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Antique French Oyster Plate

Antique French Oyster Plate

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Dreamy, delicate, and whimsical, this Antique French Oyster Plate is truly a one-of-a-kind treasure! Made by Haviland & Co., one of France's most well-respected Limoges manufacturers, this decorative piece originates from the late 19th century, at the height of France's export of porcelain to America.

It features delicately detailed paintings of coral and exotic sea-life, and is edged with a decadent splash of gold. A beautiful and unique addition to your Limoges or oyster plate collection! 


Strictly one-of-a-kind and subject to prior sale. In very good antique condition. Measures 9" L x 7 1/2" W

Learn More about Limoges Porcelain

Limoges porcelain designates hard-paste porcelain produced near the city of Limoges, France. This exquisite porcelain has been produced in Limoges since the late 18th century. 

The manufacturing of hard-paste porcelain at Limoges was first established in 1771 following the discovery of local supplies of kaolin and feldspar rock. These materials were used to produce hard-paste porcelain similar to Chinese porcelain which was very popular during that time.

The beautiful porcelain produced in the factories at Limoges caught the eye of the French Count of Artois. The Count was the brother of the French King Louis XVI, who later purchased those factories in 1784, making them royal manufacturers to the King.

After the French Revolution a number of private factories were established at Limoges, including the venerable Bernardaud and Haviland & Co. factories. To this day, Limoges continues to maintain the position it established in the 19th century as the premier manufacturing city of porcelain in France.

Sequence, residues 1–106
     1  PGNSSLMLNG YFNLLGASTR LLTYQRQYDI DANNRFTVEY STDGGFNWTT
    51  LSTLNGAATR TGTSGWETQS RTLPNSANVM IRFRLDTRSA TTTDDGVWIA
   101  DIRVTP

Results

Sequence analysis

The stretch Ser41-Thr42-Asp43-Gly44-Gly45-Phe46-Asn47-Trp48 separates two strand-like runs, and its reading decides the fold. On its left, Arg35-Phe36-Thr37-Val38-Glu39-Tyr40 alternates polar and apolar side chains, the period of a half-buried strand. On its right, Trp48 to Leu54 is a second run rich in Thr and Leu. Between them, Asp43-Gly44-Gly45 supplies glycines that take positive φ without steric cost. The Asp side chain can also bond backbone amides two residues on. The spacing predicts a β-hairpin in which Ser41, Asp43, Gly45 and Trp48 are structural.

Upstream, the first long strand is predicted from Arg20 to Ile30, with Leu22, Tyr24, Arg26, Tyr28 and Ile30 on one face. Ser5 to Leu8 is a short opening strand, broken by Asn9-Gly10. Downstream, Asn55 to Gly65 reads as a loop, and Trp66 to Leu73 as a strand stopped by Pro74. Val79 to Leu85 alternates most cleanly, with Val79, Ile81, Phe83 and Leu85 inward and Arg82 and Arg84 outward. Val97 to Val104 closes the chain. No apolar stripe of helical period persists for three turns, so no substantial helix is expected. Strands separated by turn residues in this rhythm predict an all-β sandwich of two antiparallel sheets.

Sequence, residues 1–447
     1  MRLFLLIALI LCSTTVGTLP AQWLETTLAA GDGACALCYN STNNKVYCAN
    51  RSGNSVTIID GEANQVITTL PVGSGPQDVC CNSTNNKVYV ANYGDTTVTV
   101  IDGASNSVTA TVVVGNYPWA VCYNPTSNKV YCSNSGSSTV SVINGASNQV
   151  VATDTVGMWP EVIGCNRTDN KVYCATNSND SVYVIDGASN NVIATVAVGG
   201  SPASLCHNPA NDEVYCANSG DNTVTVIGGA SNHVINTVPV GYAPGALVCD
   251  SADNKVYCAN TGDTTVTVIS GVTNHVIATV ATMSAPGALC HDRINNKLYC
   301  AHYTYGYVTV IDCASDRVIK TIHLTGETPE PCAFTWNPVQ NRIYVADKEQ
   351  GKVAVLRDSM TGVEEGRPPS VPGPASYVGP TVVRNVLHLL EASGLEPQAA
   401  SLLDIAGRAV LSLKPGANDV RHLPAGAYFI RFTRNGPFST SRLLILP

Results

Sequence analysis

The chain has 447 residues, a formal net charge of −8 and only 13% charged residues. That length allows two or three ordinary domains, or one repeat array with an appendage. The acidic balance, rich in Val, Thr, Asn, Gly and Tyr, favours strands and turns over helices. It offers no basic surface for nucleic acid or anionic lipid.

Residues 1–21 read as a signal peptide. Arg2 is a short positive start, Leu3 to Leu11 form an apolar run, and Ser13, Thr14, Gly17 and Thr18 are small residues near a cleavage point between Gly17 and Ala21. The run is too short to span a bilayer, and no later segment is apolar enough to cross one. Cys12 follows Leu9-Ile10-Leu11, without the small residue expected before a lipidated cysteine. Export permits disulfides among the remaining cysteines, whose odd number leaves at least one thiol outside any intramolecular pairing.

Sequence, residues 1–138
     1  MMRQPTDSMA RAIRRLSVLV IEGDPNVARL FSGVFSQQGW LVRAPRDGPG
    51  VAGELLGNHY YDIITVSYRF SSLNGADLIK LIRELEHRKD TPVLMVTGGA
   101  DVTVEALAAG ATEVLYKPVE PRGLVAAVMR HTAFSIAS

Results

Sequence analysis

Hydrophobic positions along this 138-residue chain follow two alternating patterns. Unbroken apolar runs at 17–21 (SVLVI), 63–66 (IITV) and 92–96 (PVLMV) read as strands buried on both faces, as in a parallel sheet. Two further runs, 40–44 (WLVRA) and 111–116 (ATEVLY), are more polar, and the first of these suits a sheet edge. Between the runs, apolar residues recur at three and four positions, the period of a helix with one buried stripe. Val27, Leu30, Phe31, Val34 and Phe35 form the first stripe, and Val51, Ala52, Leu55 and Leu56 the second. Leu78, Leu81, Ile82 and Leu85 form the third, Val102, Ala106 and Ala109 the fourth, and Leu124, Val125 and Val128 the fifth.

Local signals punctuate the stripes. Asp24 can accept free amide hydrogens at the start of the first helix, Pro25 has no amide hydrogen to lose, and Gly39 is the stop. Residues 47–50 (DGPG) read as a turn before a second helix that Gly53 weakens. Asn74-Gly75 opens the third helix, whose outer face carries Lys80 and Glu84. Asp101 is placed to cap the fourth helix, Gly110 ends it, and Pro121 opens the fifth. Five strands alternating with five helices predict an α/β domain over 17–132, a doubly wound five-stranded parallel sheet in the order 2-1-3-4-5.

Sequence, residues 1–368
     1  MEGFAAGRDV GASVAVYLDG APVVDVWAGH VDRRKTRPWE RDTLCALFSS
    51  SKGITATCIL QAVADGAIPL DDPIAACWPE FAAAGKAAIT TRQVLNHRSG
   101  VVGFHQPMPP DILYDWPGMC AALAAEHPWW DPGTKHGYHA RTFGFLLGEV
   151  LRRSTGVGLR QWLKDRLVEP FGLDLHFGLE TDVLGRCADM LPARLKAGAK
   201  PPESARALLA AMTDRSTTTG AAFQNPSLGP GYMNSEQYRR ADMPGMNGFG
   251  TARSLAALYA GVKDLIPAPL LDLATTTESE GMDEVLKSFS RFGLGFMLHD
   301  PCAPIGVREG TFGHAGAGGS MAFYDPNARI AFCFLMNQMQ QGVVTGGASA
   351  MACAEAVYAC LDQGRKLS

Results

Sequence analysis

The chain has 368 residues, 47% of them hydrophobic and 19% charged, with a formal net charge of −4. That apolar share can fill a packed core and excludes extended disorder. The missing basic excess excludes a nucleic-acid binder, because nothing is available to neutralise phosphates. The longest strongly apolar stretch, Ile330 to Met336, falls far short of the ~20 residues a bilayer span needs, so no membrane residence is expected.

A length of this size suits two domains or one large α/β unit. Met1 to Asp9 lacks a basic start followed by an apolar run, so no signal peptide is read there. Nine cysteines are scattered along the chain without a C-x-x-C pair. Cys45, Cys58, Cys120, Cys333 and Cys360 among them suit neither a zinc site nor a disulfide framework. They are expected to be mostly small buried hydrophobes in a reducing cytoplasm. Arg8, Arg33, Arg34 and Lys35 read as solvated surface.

But what is Hard-Paste Porcelain?

Hard-paste porcelain is porcelain that is made from a compound of feldspathic rock and kaolin fired at very high temperatures. It was first made in China around the 9th century. The secret of hard-paste porcelain's manufacture was not known in Europe until 1707, when Johann Friedrich Böttger of Meissen, Germany discovered the formula. As the recipe was kept a trade secret by Böttger for his company, experiments continued elsewhere throughout Europe until 1712, when a French priest living and working in China discovered the Chinese technique and described the process in letters back to France.

Hard-paste porcelain is differentiated from soft-paste porcelain mainly by the firing temperature, with the former being higher, to around 2,550°F, and the latter to around 2,200°F. Depending on the raw materials and firing methods used, hard-paste porcelain can also resemble stoneware or earthenware. Hard-paste porcelain can also be utilized to make porcelain bisque, a type of porcelain. It is a translucent, bright, white ceramic. With it being almost impermeable to water it is unnecessary to glaze porcelain bisque.

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